In 2Samuel, immediately after David brings the Ark to Jerusalem, David conceives the idea of building a temple for the Lord. In response, God gives David an amazing promise: the Davidic kingship will never fail, because he will always have a son on the throne.
Later on, when the descendants of David fell on hard times and were eventually dethroned, the prophets pondered God’s promise. They realized that the promise to David was actually pointing forward to a future Davidic king who would give the people, not a temporary peace, but a permanent peace. They described this promised anointed king, the “messiah” (which means “anointed”; another word for the same thing is “christ”), as a new David. Just as Melchizedek foreshadowed David, so David foreshadowed the Messiah.
A similar move took place in the Psalms. The Psalms that speak about the Davidic king, like Psalm 110, made no sense when there was no Davidic king. How could the Jews pray Psalm 110 when the Davidic monarchy had ended? Simple: Jews read the Psalms that talk about the Davidic king as talking about the Messiah, and so they prayed Psalm 110 as a prophecy of the future Christ.
There is the connection between Melchizedek and Christ in a nutshell: Melchizedek was intended to foreshadow David, and David was intended to foreshadow Jesus Christ, so Melchizedek was intended to foreshadow Jesus Christ. But there’s more!
4. Hebrews 7 meditates on the Melchizedek-Jesus connection
In the New Testament, the connection between Melchizedek and Jesus is picked up especially in the seventh chapter of the Letter to the Hebrews. The author notices some ways in which the foreshadowing of David maps perfectly onto the foreshadowing of Christ:
- The name “Melchizedek” means “King of Peace”: Melech = king and zedek = peace. It was David who eventually brought peace to Israel, but his peace was temporary. Jesus is the final King of Peace, who will give his people everlasting rest.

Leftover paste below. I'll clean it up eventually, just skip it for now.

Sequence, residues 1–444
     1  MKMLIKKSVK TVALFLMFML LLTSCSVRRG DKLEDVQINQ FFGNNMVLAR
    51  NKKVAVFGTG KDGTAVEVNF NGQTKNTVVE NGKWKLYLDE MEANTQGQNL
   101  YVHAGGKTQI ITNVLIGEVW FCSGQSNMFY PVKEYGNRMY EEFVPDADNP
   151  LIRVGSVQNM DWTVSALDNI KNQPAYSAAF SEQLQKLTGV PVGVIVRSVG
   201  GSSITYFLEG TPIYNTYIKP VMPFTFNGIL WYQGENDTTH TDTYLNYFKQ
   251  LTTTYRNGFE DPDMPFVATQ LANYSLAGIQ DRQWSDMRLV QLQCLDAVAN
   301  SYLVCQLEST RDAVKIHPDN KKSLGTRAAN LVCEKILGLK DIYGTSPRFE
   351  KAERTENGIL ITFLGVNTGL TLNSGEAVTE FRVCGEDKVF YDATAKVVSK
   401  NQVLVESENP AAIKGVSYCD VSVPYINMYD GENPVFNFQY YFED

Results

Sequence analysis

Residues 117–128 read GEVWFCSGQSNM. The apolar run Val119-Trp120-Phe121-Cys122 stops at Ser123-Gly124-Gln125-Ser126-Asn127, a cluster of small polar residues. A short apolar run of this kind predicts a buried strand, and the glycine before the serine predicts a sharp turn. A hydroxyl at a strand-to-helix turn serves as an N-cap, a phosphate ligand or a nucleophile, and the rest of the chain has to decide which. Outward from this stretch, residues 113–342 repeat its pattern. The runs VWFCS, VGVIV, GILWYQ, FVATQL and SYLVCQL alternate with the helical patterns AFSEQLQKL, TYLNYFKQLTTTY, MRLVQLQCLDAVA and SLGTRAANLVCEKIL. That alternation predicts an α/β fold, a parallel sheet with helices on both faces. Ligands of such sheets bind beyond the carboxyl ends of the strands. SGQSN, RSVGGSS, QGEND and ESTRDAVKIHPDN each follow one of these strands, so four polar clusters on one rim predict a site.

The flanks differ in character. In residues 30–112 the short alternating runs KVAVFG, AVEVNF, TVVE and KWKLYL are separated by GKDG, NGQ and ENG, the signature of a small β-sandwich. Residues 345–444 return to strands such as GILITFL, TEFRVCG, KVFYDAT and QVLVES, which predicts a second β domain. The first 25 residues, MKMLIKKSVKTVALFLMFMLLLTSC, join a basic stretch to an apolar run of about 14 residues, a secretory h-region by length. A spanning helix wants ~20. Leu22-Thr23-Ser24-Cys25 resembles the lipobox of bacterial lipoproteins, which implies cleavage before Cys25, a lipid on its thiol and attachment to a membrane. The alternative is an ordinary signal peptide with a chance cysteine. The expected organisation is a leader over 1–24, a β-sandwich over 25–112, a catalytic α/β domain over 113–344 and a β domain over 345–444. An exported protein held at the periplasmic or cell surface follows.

- Melchizedek did not get his priesthood by belonging to a priestly family. David’s priestly behavior was almost shocking, because he did not belong to the correct priestly family, namely the family of Aaron; he belonged to the tribe of Judah. The same is true of Jesus.
But the author of Hebrews notes some more connections that fit Jesus even better than David:
- Abraham paid tithes to Melchizedek, which seems to make Melchizedek the superior. As a descendant of Abraham, David was not his superior but his son. Here it makes more sense to connect Melchizedek to Jesus, whose divine sonship put him even above his human ancestor Abraham.
- David’s priestly behavior did not put an end to the official priestly role of Aaron’s family. The priests who officiated in the Temple were still descendants of Aaron, as prescribed by the Law of Moses. But when Jesus came, his priesthood did away with the priesthood of the Old Law, and so really did inaugurate a new priestly order, the “order of Melchizedek”.
But there’s more!
5. Melchizedek points to the Eucharist
Amazingly, the Bible never makes the connection that has always hit Christians between the eyes: Melchizedek offered bread and wine, which are precisely the forms under which Jesus told his disciples to continue his sacrifice on earth. Clement of Alexandria, who died in the year 215 AD, had already seen the obvious. He talks about
Melchizedek king of Salem, priest of the most high God, who gave bread and wine, furnishing consecrated food for a type of the Eucharist.
But I’ll give the last word to Cyprian of Carthage, who died in the year 258 AD:
Also in the priest Melchizedek we see prefigured the sacrament of the sacrifice of the Lord, according to what divine Scripture testifies, and says, “And Melchizedek, king of Salem, brought forth bread and wine.” (Gen 14:18) Now he was a priest of the most high God, and blessed Abraham. And that Melchizedek bore a type of Christ, the Holy Spirit declares in the Psalms, saying from the person of the Father to the Son: “Before the morning star I begot You; You are a priest forever, after the order of Melchizedek” (Psalm 110:4); which order is assuredly this coming from that sacrifice and thence descending; that Melchizedek was a priest of the most high God; that he offered wine and bread; that he blessed Abraham. For who is more a priest of the most high God than our Lord Jesus Christ, who offered a sacrifice to God the Father, and offered that very same thing which Melchizedek had offered, that is, bread and wine, to wit, His body and blood?